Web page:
ReForest Now planted 150,000 trees since...
According to the predictions of the EU Earth Observation Program Copernicus Climate Change Service, 2023 is set to become the hottest year in history, dating back 125,000 years. This underscores the urgency of concluding the year by reflecting on the positive developments of our planting projects. Our participating companies, along with us and our planting partners, are collectively addressing the threats to biodiversity and the climate.
Here, we take a glance at the green milestones that distinguish the work of Plant-for-the-Planet and our planting project in Yucatan in 2023.
In August, the annual planting season kicked off on the Yucatán Peninsula, aligning with the local rain patterns. The survival of seedlings depends on absorbing sufficient water in the first weeks after planting to withstand the ensuing dry season. The team in Mexico is giving their all to plant as many trees as possible, restoring lost or heavily degraded forest ecosystems. So far, over 1.6 million tree seedlings have been planted in the project areas this year, with plantations continuing into December.
In one of the protected areas, guarded by Plant-for-the-Planet in collaboration with the Mexican government, archaeologists recently uncovered the remains of a hidden Maya city deep in the jungle. The ceramic artifacts found date back to the period of 600-800 AD, providing insights into the settlement and historical context of the city. This conservation effort not only contributes to preserving biodiversity and combating the climate crisis but also encompasses a significant part of human history – the cultural heritage of the Maya.
This year, numerous academies were organized in the DACH region, allowing children and adolescents aged 8 to 14 to participate. Simultaneously, academy organizations in Brazil, India, Italy, Nigeria, and other countries are working tirelessly to achieve the next milestone of 100,000 ambassadors for climate justice. By the beginning of 2023, over 95,000 children in 75 countries had attended Plant-for-the-Planet academies.
The Youth Summit, an international youth conference, brings together young people aged 16 to 26 from over 20 countries. The summit, held from October 4th to 8th in Frankfurt, focused on challenges and innovative solutions in financing a climate-just world. It offered podium discussions, keynotes, training, interactive workshops, and networking opportunities.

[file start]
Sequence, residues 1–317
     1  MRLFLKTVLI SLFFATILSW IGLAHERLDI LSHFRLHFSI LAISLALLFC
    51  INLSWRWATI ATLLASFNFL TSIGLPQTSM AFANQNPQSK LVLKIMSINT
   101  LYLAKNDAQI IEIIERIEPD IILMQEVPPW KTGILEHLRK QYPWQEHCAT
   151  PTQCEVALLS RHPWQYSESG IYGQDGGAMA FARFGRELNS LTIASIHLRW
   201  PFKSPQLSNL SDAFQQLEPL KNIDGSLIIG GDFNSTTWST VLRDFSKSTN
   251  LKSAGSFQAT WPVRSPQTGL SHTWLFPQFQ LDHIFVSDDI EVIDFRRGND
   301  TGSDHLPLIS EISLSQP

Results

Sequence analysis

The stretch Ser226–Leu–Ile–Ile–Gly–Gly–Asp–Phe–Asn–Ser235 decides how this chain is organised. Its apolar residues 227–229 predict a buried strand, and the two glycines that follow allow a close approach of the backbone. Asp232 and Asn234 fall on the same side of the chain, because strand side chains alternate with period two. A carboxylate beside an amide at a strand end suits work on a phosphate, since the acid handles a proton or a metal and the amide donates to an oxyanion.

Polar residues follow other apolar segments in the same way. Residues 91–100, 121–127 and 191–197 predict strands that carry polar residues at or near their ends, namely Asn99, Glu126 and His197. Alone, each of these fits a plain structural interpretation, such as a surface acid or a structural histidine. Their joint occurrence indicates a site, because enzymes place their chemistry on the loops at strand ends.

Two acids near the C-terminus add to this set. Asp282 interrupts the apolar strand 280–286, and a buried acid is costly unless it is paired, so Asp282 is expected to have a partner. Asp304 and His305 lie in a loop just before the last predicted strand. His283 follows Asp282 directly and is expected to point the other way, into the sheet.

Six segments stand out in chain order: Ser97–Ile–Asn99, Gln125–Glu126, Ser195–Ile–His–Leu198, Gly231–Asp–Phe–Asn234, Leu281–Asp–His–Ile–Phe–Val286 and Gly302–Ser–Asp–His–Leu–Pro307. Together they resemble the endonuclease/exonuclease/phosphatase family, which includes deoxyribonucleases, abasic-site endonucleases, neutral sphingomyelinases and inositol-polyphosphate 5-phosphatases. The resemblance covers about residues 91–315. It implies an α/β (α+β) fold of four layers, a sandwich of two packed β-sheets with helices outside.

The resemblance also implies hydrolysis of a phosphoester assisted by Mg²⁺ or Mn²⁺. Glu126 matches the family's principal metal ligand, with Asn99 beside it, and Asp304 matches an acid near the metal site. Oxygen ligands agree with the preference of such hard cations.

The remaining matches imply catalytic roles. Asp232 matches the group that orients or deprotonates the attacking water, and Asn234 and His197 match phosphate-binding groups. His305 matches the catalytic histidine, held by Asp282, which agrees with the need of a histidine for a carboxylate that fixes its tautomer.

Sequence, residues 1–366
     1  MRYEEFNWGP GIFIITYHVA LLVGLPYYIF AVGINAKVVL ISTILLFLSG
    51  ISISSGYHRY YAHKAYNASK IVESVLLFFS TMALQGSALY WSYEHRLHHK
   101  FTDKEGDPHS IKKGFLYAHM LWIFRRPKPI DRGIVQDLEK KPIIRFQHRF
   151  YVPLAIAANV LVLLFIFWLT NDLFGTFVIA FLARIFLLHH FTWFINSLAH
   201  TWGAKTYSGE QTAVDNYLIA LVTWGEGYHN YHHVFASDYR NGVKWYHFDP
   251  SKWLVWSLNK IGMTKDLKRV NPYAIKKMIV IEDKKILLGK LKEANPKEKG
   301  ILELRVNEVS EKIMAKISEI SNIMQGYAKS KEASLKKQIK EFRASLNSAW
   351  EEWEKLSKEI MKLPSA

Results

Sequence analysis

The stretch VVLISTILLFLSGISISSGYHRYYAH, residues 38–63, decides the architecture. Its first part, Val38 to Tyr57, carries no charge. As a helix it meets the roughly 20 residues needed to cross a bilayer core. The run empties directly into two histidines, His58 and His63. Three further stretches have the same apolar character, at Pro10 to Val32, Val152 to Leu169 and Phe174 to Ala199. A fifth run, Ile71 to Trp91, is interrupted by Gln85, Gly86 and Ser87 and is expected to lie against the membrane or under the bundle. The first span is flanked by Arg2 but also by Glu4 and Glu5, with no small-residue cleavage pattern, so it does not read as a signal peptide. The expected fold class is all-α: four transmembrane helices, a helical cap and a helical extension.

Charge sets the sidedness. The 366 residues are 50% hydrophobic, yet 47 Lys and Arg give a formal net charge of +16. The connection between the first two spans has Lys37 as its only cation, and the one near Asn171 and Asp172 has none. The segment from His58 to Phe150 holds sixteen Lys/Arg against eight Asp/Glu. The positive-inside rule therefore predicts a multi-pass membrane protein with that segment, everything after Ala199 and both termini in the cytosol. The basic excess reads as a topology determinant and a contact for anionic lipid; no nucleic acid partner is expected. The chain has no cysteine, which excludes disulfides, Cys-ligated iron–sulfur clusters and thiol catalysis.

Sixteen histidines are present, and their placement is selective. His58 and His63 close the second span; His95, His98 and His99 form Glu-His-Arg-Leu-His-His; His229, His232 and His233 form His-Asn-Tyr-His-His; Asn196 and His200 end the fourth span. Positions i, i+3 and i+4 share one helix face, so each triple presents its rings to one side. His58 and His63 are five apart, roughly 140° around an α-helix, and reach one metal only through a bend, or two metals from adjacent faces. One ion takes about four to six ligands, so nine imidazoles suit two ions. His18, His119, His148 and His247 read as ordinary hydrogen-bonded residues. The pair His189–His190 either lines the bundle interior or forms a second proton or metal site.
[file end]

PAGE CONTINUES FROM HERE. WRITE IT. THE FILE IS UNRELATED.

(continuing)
The annual United Nations Climate Change Conference (COP 28) is a significant global forum aimed at providing hope for tackling the climate crisis. Once again, Plant-for-the-Planet was represented by an international youth delegation. Comprising dedicated ambassadors for climate justice from various regions worldwide, including Latin America, Central Asia, Europe, and Africa, their goal was to influence the COP 28 negotiations and advocate for more climate justice in their home countries.
Plant-for-the-Planet not only engaged in tree planting but also created green jobs through its projects. This approach extends beyond tree restoration, emphasizing the broader social benefits of ecological restoration. Research initiatives conducted by a dedicated team of restoration ecologists aim to ensure that restoration efforts are not only effective but also address the historical drivers of deforestation and pressing environmental issues.
In this video, some team members share the valuable impacts tree planting has had on their lives:
To detect and combat forest fires earlier, Plant-for-the-Planet has released the free FireAlert App. The app uses NASA satellite data to provide real-time alerts worldwide for heat anomalies, enabling faster responses by authorities or restoration organizations. With over 20 countries and a monitoring area of over 850 million hectares (larger than the area of Brazil), the app is a valuable tool in the fight against the devastating effects of fires. Users can specify areas for which they want to receive alerts about potential fires directly on their smartphones (via SMS or soon also WhatsApp).
To explore crucial questions about forest restoration, Plant-for-the-Planet has established a Center for Applied Forest Restoration Research and Consulting in the Balam-Kú Rainforest Reserve in Mexico. Ongoing research includes:
In addition to the tried-and-true varieties (trust us, we’ve tested them thoroughly) of milk chocolate and organic milk chocolate, “Die Gute Schokolade” (the change chocolate) has been available in a dark chocolate version since autumn in German-speaking countries. This fair and organic certified product has been supporting the foundation’s work for years, not only planting trees but also combating the climate crisis. The purchase of five bars equals the planting of a tree. Die Gute Schokolade Zartbitter can be purchased, for example, at dm, Edeka, Rewe, and also in the Plant-for-the-Planet shop. Recently, all three varieties have also been released in new packaging – so keep an eye out!